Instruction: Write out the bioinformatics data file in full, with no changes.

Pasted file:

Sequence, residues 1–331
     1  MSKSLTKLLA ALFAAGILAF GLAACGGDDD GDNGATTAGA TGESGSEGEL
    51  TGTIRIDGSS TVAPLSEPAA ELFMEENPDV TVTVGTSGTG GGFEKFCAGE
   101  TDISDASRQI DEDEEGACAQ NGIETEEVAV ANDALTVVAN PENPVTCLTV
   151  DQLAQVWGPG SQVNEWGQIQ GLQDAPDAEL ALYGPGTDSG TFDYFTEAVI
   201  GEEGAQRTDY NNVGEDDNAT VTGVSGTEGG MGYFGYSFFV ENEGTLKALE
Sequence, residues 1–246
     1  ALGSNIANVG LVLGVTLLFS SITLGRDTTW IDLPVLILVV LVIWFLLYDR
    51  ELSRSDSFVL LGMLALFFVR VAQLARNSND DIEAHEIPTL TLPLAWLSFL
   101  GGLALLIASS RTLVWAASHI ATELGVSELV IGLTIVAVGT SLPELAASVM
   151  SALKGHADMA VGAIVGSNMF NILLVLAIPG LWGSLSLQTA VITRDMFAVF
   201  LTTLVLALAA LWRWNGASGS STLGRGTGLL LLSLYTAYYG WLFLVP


Sequence, residues 1–331
     1  MSKSLTKLLA ALFAAGILAF GLAACGGDDD GDNGATTAGA TGESGSEGEL
    51  TGTIRIDGSS TVAPLSEPAA ELFMEENPDV TVTVGTSGTG GGFEKFCAGE
   101  TDISDASRQI DEDEEGACAQ NGIETEEVAV ANDALTVVAN PENPVTCLTV
   151  DQLAQVWGPG SQVNEWGQIQ GLQDAPDAEL ALYGPGTDSG TFDYFTEAVI
   201  GEEGAQRTDY NNVGEDDNAT VTGVSGTEGG MGYFGYSFFV ENEGTLKALE
Sequence, residues 1–246
     1  ALGSNIANVG LVLGVTLLFS SITLGRDTTW IDLPVLILVV LVIWFLLYDR
    51  ELSRSDSFVL LGMLALFFVR VAQLARNSND DIEAHEIPTL TLPLAWLSFL
   101  GGLALLIASS RTLVWAASHI ATELGVSELV IGLTIVAVGT SLPELAASVM
   151  SALKGHADMA VGAIVGSNMF NILLVLAIPG LWGSLSLQTA VITRDMFAVF
   201  LTTLVLALAA LWRWNGASGS STLGRGTGLL LLSLYTAYYG WLFLVP